From today, newly diagnosed Australian children with DIPG (Diffuse Intrinsic Pontine Glioma) will no longer have to travel overseas to receive cutting-edge, experimental treatment for their deadly tumour, thanks to the launch of a new adaptive clinical trial called BIOMEDE.
Previously, the only DIPG treatment available in Australia was very limited, with patients surviving an average of just nine months. Consequently, many children and families travelled overseas at great cost to access treatments.
BIOMEDE is the first adaptive clinical trial in Australia to analyse a child’s tumour to identify which of the three drugs approved for the trial (erlotinib, everolimus and dasatinib) is most likely to be effective. This means the majority of trial participants will receive tailored treatment, based on the genetic profile of their tumour. The trial's flexible 'adaptive' nature also means that new drugs can be added to the trial if they show increased promise.
The trial is being run by Australian and New Zealand Children’s Haematology/Oncology Group (ANZCHOG) in Australia, and is being funded by a joint commitment of $400,000 from Cure Brain Cancer Foundation and The Isabella and Marcus Foundation.
“This is an exciting opportunity for Australian and New Zealand children to access the latest therapies for DIPG, which – without the support of Cure Brain Cancer Foundation and the Isabella and Marcus Foundation – would only be available in Europe,” said Associate Professor Geoffery McCowage, BIOMEDE’s Australasian principal investigator. “BIOMEDE represents a huge leap forward in the way we treat DIPG, with the ability to perform biopsies to analyse each child’s tumour and then treat based on the molecular target. This will enable us to test existing therapies, and also provides the framework for rapidly incorporating new agents into the trial as they become available.”
Cure Brain Cancer Foundation CEO Michelle Stewart said, “The prognosis families face when their child is diagnosed with DIPG is heartbreaking and unacceptable, and the last thing they should have to consider is travelling overseas at great expense and emotional strain. We have always sought to ensure Australian patients have access to the most promising new treatments right here at home, and thanks to the generosity of our supporters, we’ve been able to do that for children with DIPG.”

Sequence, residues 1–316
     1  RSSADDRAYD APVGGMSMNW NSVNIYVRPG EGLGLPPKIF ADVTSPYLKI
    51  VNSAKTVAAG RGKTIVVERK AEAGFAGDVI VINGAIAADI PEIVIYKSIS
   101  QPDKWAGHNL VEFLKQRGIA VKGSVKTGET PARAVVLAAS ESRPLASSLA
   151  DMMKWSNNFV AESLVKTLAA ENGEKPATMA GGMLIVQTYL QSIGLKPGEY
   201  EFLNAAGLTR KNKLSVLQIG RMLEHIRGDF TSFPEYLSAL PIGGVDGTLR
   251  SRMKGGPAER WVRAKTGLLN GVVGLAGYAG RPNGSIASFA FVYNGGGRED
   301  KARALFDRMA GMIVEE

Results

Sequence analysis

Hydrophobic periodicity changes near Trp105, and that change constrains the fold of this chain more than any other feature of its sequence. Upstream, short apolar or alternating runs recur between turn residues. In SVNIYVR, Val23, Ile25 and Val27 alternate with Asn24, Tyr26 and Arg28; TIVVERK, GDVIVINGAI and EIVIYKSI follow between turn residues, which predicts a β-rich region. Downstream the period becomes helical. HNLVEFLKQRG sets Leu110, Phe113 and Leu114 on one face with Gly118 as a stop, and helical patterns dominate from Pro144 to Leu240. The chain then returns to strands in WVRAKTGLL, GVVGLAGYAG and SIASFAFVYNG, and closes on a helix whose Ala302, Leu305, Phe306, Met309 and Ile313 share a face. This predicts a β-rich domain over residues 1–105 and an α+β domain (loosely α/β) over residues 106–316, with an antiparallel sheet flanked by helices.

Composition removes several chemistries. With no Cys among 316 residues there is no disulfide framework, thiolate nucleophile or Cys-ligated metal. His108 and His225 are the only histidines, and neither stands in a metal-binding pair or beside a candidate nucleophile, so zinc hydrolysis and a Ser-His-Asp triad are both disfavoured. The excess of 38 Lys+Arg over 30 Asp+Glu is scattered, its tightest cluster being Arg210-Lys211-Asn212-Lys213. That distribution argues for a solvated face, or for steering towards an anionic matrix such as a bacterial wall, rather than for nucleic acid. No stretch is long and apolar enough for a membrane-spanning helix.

Michelle Stewart, CEO, Cure Brain Cancer Foundation
Rob De Rose, Co-founder of The Isabella and Marcus Foundation commented, “When a child is diagnosed with brain cancer the first question asked by parents is, ‘What is the chance my child can be cured?’ Currently, for DIPG the response is that it’s incurable and radiotherapy is the only proven treatment that can extend your child’s life. Parents need to have hope, something to fight for. We’re pleased to be able to offer families in Australia and New Zealand the latest experimental therapy for DIPG that tailors the treatment to each child, offering parents hope.”
Rob De Rose, Founder of Isabella and Marcus Foundation, who lost his daughter Isabella to DIPG
Carly Gray, whose eight-year-old son Tom died of a DIPG two years ago, said, "Although bittersweet, it brings great relief to know that no other parent here in Australia needs to be told to go and make memories. Instead, they now have hope."
Tom Gray (front) died of a DIPG when he was eight
Eligible patients can enrol on BIOMEDE at The Children’s Hospital at Westmead in Sydney now, with further trial sites to open in New South Wales, Queensland, Victoria, South Australia, Western Australia and New Zealand.Parents wanting to find out more about this trial and their child’s eligibility should speak to their clinician, who can then contact the Chief Investigator to discuss enrolling on the trial.
BIOMEDE in The Sydney Morning Herald